Poverty in Paradise
On the shores of two Great Lakes, two Michigans are pulling away from one another. For one, graceful summer homes rise on waterfronts, equipped with boats, tubes and toys. For the other, life is lived in trailers on back roads, or small houses tucked into the woods. One comes north in May and enjoys a summer of festivals, fun and restaurant dining. The other Michigan lives here year-round and waits tables or changes hotel beds. One is, like the state at large, recovering from the recession and building wealth. The other slips deeper into, or closer to, poverty.
For many unseen residents of northern Michigan, life can be struggle for survival. This is true even for those with jobs, which tend to be seasonal with marginal pay
There’s work to be done in the resort counties of northern Michigan, but opportunity doesn’t always match the available workforce.
You could hardly find a purer slice of Pure Michigan than the tip of the Lower Peninsula. But as the wealthy prosper alongside blue bays, those who live here year-round find life tougher to navigate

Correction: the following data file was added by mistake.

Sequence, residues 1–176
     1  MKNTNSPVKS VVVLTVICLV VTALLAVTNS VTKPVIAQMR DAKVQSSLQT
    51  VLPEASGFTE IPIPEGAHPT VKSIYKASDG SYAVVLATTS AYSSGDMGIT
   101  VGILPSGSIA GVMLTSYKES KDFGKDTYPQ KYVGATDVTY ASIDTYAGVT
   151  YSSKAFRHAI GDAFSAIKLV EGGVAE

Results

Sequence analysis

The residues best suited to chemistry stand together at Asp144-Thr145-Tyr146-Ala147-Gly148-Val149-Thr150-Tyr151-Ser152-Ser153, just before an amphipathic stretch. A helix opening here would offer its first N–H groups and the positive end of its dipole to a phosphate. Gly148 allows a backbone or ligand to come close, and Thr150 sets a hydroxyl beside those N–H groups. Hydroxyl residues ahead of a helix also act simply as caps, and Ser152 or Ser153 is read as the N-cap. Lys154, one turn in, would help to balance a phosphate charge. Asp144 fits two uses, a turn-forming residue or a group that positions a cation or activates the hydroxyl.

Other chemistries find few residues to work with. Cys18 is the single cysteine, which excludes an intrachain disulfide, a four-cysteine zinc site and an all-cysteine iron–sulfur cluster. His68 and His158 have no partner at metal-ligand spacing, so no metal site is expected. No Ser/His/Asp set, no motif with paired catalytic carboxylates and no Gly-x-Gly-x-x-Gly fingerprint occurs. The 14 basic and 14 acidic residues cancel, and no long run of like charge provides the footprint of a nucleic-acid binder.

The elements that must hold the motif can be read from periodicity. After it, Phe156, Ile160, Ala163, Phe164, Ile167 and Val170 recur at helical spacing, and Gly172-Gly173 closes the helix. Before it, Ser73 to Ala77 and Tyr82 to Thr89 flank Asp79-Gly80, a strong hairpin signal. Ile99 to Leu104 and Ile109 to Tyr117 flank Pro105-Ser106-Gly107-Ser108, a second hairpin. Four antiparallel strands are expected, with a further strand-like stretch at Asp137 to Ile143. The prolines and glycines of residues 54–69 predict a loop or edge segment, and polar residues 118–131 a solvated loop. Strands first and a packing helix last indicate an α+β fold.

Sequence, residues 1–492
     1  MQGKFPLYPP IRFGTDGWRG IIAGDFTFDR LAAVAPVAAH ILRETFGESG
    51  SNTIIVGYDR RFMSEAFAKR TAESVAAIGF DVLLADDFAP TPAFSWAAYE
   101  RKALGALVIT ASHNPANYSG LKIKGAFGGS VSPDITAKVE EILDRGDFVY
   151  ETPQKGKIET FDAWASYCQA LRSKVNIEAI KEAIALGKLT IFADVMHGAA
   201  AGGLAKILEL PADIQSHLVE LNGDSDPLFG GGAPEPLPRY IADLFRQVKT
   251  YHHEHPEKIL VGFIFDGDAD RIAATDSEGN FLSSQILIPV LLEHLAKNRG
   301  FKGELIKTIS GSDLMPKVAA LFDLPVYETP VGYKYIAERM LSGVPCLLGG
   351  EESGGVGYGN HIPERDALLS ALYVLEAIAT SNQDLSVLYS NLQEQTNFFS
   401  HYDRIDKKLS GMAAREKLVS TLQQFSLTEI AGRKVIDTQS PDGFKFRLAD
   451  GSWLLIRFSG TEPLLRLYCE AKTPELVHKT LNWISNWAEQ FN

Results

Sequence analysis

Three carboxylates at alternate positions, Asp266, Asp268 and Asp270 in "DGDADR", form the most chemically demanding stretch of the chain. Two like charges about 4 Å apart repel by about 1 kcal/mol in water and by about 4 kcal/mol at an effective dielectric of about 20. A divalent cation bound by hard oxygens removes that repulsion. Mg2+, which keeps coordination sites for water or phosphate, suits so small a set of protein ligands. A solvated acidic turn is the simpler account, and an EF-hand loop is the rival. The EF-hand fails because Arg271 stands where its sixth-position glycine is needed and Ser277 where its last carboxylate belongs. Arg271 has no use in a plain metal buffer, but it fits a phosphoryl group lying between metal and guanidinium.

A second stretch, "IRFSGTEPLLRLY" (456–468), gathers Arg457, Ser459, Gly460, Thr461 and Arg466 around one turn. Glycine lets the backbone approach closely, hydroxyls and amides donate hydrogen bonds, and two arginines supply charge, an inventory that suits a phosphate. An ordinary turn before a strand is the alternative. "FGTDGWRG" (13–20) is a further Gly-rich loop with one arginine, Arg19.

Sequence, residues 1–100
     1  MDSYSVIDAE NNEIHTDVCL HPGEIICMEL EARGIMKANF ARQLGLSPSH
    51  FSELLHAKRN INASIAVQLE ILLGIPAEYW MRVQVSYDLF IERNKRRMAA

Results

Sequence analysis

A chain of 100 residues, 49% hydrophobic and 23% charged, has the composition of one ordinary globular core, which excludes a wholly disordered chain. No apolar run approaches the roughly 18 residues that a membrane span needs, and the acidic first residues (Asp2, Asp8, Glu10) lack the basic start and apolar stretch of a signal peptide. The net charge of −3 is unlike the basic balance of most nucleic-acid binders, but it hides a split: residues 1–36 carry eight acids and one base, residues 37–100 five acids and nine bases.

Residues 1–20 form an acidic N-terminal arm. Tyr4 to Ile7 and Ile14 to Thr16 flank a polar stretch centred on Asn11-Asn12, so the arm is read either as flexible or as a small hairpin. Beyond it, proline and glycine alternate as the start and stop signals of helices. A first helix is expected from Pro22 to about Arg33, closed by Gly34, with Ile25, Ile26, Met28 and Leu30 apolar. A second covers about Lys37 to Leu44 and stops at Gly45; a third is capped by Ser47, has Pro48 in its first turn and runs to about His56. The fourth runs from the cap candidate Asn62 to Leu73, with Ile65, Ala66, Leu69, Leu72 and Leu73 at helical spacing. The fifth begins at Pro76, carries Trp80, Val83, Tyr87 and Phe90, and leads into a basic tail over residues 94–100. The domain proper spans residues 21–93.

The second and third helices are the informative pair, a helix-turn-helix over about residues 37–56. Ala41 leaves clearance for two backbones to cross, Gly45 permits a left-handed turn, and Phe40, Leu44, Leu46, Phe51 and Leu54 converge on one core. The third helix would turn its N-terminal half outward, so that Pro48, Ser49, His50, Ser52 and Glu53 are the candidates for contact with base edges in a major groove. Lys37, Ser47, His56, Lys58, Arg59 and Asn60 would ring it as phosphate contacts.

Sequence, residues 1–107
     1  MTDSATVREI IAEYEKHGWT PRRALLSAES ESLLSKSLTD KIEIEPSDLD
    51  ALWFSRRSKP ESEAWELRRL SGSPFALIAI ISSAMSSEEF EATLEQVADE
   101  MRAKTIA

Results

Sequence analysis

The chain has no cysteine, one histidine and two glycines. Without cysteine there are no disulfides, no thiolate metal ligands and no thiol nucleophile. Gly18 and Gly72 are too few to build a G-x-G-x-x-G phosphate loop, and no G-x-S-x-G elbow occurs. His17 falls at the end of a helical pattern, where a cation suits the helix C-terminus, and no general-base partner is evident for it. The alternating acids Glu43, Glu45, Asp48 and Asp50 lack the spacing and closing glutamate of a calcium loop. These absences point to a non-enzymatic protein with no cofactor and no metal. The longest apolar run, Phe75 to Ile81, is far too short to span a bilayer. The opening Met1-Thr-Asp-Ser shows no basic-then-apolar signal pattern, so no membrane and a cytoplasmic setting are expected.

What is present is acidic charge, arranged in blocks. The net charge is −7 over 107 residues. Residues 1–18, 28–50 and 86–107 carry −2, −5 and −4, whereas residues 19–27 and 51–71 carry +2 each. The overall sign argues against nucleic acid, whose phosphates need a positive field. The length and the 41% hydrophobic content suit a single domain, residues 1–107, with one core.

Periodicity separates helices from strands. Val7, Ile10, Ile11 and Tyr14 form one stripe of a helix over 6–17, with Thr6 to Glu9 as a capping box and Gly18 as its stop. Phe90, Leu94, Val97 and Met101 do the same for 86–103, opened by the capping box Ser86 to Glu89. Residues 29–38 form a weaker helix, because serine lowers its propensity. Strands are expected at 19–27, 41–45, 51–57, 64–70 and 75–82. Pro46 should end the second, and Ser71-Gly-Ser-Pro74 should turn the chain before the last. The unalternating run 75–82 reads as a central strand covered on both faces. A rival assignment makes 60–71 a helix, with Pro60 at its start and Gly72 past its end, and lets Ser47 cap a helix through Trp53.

Like lots of smart young natives, Katie Capaldi thought her destiny lay far from the northern Michigan town where she was raised. But she’s writing another chapter. Plus, five other looks at people and life Up North.
Michigan’s northern resort counties could learn from these swanky ski towns in Colorado and Wyoming.
A rural school district in Cheboygan County and a more affluent one in Harbor Springs underscore the role money can play in student performance.
After growing up in Pure Michigan, millennials say they must leave a land they love to fulfill their career ambitions. Second of two parts.